Sunday, December 3 2000
In the morning I woke up and systematically wrote checks for all the bills I need to pay. I don't know exactly why I am this way, but I always get a strong sense of achievement from the act of paying bills. It helps temper the feeling I have about myself that I am irresponsible. My father made this diagnosis repeatedly throughout my childhood and it's hard for me not to view myself this way.
When I was done cutting checks, I left my checkbook out on the coffee table in hopes that my housemate John would see it and remember that he hasn't yet paid December rent. I don't want to have to play the role of nagging landlord.
Then I went to work and yes, it was Sunday. I'd agreed with the CTO's assessment that the only way we'd get this site done in a timely manner was to do some work this weekend. The CTO is a reasonable woman; this doesn't feel anything like the bad old days of CollegeClub.com cult slavery. Still, suddenly I was made aware of all this additional database work that I needed to do and I grimly realized that we wouldn't be finishing today. As the sunny southern California afternoon faded into premature December darkness, I felt a coil of indignation and anxiety tightening in my central axis.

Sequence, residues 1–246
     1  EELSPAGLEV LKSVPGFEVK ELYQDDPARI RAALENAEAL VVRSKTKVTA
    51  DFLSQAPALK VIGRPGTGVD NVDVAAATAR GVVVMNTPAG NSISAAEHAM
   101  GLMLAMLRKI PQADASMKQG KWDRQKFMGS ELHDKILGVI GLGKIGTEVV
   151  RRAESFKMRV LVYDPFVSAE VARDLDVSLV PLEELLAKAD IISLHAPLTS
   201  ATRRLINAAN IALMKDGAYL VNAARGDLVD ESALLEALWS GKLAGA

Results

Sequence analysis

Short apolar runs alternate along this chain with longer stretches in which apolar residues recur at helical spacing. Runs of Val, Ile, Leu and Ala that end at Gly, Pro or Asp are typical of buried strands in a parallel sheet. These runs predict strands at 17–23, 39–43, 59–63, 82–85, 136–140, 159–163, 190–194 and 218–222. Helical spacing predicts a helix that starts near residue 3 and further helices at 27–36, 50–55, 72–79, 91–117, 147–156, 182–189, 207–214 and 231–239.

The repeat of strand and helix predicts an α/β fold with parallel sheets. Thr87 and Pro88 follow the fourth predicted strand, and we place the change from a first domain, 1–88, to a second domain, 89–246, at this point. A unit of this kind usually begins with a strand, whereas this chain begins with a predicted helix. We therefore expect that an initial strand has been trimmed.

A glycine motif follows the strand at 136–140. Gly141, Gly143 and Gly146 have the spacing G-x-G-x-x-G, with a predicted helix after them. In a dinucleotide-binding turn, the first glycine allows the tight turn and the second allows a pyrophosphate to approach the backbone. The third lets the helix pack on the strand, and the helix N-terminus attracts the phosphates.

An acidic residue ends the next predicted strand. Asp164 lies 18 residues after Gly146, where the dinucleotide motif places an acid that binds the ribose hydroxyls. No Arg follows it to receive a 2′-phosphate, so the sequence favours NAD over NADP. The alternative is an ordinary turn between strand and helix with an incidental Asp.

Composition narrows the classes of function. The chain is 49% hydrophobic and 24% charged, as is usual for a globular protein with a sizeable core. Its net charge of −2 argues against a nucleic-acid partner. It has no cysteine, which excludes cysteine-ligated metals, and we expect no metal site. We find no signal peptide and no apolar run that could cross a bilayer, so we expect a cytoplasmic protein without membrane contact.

After we'd decided it was a lost cause, I went home in the darkness and came upon my housemate John. He invited me to go with him to our neighborhood Café, so I said sure. While we were there we discussed the subject of how sexual rivalries and jealousies can poison a workplace.
Back at the house we watched something on the Discovery Channel about Sabertooth Cats, the extinct species that left hundreds of thousands of bones behind in the La Brea Tar Pits over where Julian lives. Those scientists who study such things, my are they a wacky breed! Junkyard Wars stylee, they went and built a robotic Sabertooth Cat and took it out to a ranch to see what kind of damage it could do to a dead bison. There's something really creepy about watching some geeky scientists prodding a dead bison into position so that their Aliens-style robot can go for the jugular. As I watched, John cooked me a urine-fragrance-enhancing meal of broccoli and asparagus. He also cut me a fat rent check.
At 9pm John convinced me to watch the new teevee version of the Sci-Fi novel Dune. Sadly, though, it was completely unwatchable for me. It was, among other faults, too woodenly over-serious in a Star Trek sort of way. One of the problems I've found with a lot of Science Fiction is that the "science" is either completely implausible or it quickly dissolves into meaningless spirtual padding such as "the Force." The only space Sci-Fi that ever worked for me was Contact.
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